I've been at the museum since 2010. I love to read and learn; it's rare that a day goes by at work when I'm not suppressing the urge to spew out something cool I just learned to my coworkers. In my spare time, I play the 'cello, snuggle my dog and reminisce about snowmen and Nor'easters.
I work Sunday through Thursday. You can find me raking the Farmyard in the morning or training the donkey and dwarf goats in the afternoon.

A Little Farmyard Fun

October 15th, 2013

When I first started working here at the museum, I was told a very useful piece of advice from Kristen: “if you ever fall into the muskrat pool, toss your radio somewhere dry as you fall…radios are really expensive.” The last person I know of that fell into the pool was Larry and I have no idea if he saved his radio; it was before my time. While I’m sure you’d all love to laugh at me for falling into our muskrat pool, you’ll have to wait for another day. This adventure was strictly for my radio:

 

YouTube Preview Image

 

Lightning loves to grab tools and toys from keepers and play games with them. His antics caused of death of my first radio, so I’ve made a huge effort to keep my communication devices away from his prehensile lips ever since. This time, my radio made it through without even a tooth mark on the antenna. Needless to say, I was quite thankful.

Join the conversation:

  1. haha- I’m glad Lightning was gentle! more good pool advice: if your sprayer falls in the wolf pool, don’t let it go down the drain. Blocking up the Explore the Wild sewers–also expensive…

    Posted by Kristen
  2. I’m sad to report that my radio did not survive. Also a small guest was heard to remark “why is that man scaring the muskrats.” Finally, don’t expect Jill to help in that kind of situation, she will just pass out laughing.

    Posted by Larry

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by , Director
I've been at the Museum sooooo long - longer than many of our interns have been alive. I do a little bit of everything as part of my job: care for the animals, work with the keepers and other staff, spend time with guests. Lucky me!
I spend a lot of time behind-the-scenes, or here after hours, but if you really want to see me, you'll have to sign-up for a behind-the-scenes program.

A Veterinary Visit

March 3rd, 2013

This past Thursday our Farmyard veterinarians were here to check on the critters. Dr. Cannedy and Dr. Mozzachio arrived early on the chilly Thursday morning.  Full physicals will occur in April, but Lightning needed some blood taken to see how his Cushing’s disease is progressing. While here, our old goat Chummix got checked out and so were the pigs. Miss Piggy looks great according to Dr. Mozzachio, but she took photos so she could compare body condition in a month or so. Chummix had blood drawn as well as he continues to lose weight and his eating habits have become pickier and picker.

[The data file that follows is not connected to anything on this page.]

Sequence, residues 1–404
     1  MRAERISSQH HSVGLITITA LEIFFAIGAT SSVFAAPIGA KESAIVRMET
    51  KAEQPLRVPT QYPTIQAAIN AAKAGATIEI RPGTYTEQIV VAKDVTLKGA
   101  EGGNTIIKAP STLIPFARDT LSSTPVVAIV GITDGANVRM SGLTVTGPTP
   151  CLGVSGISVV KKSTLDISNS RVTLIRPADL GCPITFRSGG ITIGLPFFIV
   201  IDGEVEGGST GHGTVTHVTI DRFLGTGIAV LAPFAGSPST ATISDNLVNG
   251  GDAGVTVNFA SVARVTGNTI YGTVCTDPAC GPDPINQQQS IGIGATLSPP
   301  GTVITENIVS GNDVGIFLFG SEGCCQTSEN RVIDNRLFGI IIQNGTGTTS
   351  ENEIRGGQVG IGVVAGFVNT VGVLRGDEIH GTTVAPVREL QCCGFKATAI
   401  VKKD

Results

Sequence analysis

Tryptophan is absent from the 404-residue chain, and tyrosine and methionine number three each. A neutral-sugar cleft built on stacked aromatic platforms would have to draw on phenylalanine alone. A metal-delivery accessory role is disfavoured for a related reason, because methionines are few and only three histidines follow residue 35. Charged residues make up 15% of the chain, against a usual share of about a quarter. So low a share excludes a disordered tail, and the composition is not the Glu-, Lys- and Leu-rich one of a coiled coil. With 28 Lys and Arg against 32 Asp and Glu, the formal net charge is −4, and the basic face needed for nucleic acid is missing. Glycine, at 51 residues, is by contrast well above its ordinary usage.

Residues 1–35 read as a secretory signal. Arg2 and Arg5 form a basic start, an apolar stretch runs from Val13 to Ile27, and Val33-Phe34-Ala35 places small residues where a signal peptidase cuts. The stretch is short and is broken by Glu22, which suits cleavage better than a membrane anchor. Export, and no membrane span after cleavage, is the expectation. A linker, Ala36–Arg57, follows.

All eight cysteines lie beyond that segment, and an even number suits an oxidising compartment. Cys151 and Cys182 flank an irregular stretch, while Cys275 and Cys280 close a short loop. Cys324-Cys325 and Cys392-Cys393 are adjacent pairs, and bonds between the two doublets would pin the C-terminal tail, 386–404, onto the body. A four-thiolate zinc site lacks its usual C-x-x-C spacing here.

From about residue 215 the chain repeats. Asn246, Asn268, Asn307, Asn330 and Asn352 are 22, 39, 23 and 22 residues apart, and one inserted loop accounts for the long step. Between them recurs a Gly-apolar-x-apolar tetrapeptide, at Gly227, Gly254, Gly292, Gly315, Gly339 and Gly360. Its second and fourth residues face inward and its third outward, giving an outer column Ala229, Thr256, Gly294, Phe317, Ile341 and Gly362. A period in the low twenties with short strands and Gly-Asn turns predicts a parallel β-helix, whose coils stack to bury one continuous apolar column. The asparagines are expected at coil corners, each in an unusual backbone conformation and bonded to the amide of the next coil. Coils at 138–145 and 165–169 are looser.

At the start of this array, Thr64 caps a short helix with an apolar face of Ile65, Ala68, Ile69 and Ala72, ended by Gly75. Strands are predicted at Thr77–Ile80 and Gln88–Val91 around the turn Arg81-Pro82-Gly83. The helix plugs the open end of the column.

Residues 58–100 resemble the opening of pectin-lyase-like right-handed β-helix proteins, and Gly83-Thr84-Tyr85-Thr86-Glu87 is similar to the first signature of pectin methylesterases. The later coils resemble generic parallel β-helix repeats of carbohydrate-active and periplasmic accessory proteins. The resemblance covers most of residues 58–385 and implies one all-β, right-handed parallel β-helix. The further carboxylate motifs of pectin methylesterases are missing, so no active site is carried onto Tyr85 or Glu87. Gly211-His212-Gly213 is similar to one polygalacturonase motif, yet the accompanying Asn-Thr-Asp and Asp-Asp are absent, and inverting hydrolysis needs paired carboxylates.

Dr. Cannedy, dressed for the chilly weather

 

 

Dr. Mozzachio photographing the pigs

 

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by , Keeper
I graduated from NCSU(go pack) and have worked in the animal department for about 8 years. Some of my favorites include ferrets and birds. I am also known for my weird obsession with Boba Fett.
I work Tuesday-Saturday in either the Farmyard or inside the main building behind the scenes.

It’s Sonny out again…

August 23rd, 2012

In February, I posted about our opossum Sonny going for a walk.  In March, Sonny went for another stroll and this time he made it all the way up to the farmyard.

Lightning and Sonny out for a stroll

The sheep are mesmerized

Inspecting a nice clean stall

Max and Sonny

 

Join the conversation:

  1. I love this!

    Posted by Wendy
  2. Great Pictures!

    Posted by kimberly

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by , Keeper
I've been at the museum since 2010. I love to read and learn; it's rare that a day goes by at work when I'm not suppressing the urge to spew out something cool I just learned to my coworkers. In my spare time, I play the 'cello, snuggle my dog and reminisce about snowmen and Nor'easters.
I work Sunday through Thursday. You can find me raking the Farmyard in the morning or training the donkey and dwarf goats in the afternoon.

Big Word of the Month: Symbiosis

August 21st, 2012

Many of the animals at the museum live with another animal of a different specie. They might live together because they seem to like each other or because they don’t bother one another and fit the exhibit well (large exhibits with 1 animal are pretty boring if that one animal doesn’t want to be in sight of guests). Some of the animals we have together are a donkey and dwarf goats, a steer and a boer goat, a pine snake and a greenish rat snake, a watersnake and a mud turtle, and a spotted turtle and a painted turtle. In the wild, different kinds of animals interact all the time. Those interactions are called symbiosis.

 

Symbiosis (pronounced: sym-BY-OH-sis or sym-BEE-OH-sis) can be defined as prolonged  interactions between different species of animals and/or plants which benefits or harms at least one of the individuals involved.

There are 4 different types of symbiosis: Mutualism, Commensalism, Parasitism and Amensalism.

++ Mutualism- An interaction is mutualistic when both species involved are benefiting from the relationship. As an example, my dog and I have a mutualistic relationship. He gets food, water, shelter, exercise and companionship from me and I get companionship, a jogging buddy, and a personal foot warmer in the winter, from him.

Rudy and Me

My dog, Rudy, and me.